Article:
I am not a runner.
I’ve lost count of how many times I’ve said those words. I think the first time I said them was in about 2005, when a group of work colleagues decided to enter a charity 5k run and invited me along. “I’ll tag along” I offered (I’m not really the type of person who ever says no to anything) “but I’m not a runner.” And, truth be told, not being a runner, I walked most of the way.
Fast forward to 2010, when a close friend asked me to enter the ballot for the Great North Run to raise money for Cancer Research, following the death of a relative. After much pressure I agreed, certain that I wouldn’t get a place – imagine my horror (and language) when I did. The following day, a colleague actually laughed in my face when I announced that I would be completing a half marathon that September. “You?” she smirked. “I didn’t think you were a runner!” And I laughed along at the prospect of my little legs covering all that distance, at the idea of me trying to be a runner.
And yet she’d hit a nerve. I went home and cried. Because while I’m not a runner, what I am (and have been for as long as I can remember) is a sufferer from appalling anxiety. She couldn’t have known that because I have trained myself over many years to hide it, and I’m sure she would be horrified if she ever knew what that throwaway comment did to me – that in truth, I was a terrified mess, believing that I had foolishly signed up to a challenge I could never complete. I genuinely feared that I might die or – perhaps even worse – suffer the public humiliation of being the runner who was unable to finish, unable to run.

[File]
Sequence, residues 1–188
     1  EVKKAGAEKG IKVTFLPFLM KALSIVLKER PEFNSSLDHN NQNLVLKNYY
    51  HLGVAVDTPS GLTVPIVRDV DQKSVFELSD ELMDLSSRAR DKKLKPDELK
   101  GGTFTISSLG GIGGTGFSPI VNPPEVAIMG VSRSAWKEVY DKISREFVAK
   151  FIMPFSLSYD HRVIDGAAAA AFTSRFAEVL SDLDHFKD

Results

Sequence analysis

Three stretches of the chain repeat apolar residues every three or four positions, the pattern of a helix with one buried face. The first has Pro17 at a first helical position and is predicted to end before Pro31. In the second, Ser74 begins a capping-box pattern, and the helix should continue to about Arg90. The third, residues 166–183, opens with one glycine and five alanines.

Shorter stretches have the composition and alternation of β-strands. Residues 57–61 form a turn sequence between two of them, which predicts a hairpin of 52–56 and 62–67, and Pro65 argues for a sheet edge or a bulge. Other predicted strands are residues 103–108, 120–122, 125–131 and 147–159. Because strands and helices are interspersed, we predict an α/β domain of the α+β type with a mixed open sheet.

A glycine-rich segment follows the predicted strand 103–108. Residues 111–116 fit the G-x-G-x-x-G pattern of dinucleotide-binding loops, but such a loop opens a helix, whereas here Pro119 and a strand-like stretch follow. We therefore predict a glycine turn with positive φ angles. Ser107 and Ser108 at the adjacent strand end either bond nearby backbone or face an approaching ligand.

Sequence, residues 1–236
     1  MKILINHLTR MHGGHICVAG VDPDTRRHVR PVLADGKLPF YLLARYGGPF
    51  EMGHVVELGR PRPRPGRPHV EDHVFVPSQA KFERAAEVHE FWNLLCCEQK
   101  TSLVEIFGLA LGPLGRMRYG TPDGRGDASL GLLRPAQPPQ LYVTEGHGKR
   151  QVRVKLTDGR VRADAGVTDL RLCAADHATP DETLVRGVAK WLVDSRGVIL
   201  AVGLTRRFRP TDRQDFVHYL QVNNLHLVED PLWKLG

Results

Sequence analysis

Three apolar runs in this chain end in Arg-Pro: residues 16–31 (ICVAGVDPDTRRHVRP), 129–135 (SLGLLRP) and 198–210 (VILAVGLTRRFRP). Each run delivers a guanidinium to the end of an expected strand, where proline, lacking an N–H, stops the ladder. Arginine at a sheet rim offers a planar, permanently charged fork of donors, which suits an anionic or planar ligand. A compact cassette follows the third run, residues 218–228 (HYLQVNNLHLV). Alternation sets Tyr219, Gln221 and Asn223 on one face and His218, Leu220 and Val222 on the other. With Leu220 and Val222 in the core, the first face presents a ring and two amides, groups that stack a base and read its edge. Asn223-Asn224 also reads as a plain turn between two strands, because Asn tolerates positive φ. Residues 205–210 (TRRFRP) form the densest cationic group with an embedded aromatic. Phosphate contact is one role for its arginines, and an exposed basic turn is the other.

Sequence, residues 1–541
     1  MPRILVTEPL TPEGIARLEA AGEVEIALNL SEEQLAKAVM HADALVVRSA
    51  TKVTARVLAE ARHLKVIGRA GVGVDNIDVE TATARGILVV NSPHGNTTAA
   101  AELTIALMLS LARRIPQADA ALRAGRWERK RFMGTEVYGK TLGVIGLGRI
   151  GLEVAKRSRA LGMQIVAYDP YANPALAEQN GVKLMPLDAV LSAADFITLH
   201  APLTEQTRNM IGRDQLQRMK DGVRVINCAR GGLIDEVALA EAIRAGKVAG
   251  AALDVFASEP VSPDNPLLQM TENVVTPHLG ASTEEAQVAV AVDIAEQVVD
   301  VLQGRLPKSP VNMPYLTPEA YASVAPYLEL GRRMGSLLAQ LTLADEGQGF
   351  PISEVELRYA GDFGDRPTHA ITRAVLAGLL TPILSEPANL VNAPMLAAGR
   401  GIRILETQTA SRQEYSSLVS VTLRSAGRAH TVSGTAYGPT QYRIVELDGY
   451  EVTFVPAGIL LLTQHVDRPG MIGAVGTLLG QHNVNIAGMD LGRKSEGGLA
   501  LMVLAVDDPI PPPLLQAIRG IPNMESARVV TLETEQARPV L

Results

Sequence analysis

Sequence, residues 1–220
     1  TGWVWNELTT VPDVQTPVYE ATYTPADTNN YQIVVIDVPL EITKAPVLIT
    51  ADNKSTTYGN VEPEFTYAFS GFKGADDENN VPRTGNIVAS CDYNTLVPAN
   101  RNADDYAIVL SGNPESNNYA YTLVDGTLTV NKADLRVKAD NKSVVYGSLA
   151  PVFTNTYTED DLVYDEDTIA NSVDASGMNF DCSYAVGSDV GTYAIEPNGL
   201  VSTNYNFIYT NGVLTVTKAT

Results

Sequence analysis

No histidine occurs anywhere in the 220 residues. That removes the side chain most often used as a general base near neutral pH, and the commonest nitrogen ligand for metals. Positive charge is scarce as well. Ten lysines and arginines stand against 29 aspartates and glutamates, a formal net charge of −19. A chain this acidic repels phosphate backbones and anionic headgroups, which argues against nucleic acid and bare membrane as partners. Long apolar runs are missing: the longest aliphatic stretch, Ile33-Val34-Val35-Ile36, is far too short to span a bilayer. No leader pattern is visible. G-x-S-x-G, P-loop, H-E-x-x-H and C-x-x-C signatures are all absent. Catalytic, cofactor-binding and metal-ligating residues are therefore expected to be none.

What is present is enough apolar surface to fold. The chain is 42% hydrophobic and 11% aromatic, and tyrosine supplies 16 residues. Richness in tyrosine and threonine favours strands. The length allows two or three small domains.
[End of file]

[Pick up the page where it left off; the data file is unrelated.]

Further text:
I did finish, of course: alongside crushing self-doubt and an inability to say no, I’m probably the most stubborn person I know. I walked, and jogged, and ran, and dragged myself those whole 13.1 miles in 3 hours and 3 minutes. I cried at the end and couldn’t walk for a week. Then I did it again the next year in 2 hours 57. Then I joined a gym, and got fitter than I’d ever been, and lost 37 pounds in weight. And I ran it again in 2012 in 2 hours 44 and felt the greatest I had ever felt. Self-doubt: crushed. Anxiety: barely noticeable. Up yours, spiteful girl from work and your nasty comments. I finally feel like I have found who I’m meant to be. I am a runner.
Except… I don’t think I ever believed that, not really. So six years and three babies later, when I’d put those 37 pounds back on, and couldn’t even run a step unless it was to catch a rampaging toddler, I pretty much just resigned myself to the fact that things had returned to normal. The healthy, fit, confident me had been a brief moment of triumph, but she wasn’t the real me: I had loved her, but now she was gone. And I spent the long, glorious summer of 2018 sitting in too-tight clothes, eating and drinking and parenting and crippled with doubt and anxiety and misery, wholly accepting that this was the real me – and I didn’t like her one bit but there was nothing I could do about her now. I was blessed with a wonderful family and a life full of love, and that was enough; giving up the little bit of myself that felt like ME seemed a tiny price to pay for all of the wonderful things I now had. I had no time to lose weight and exercise. Yeah, I used to be a runner, but now I was a mam.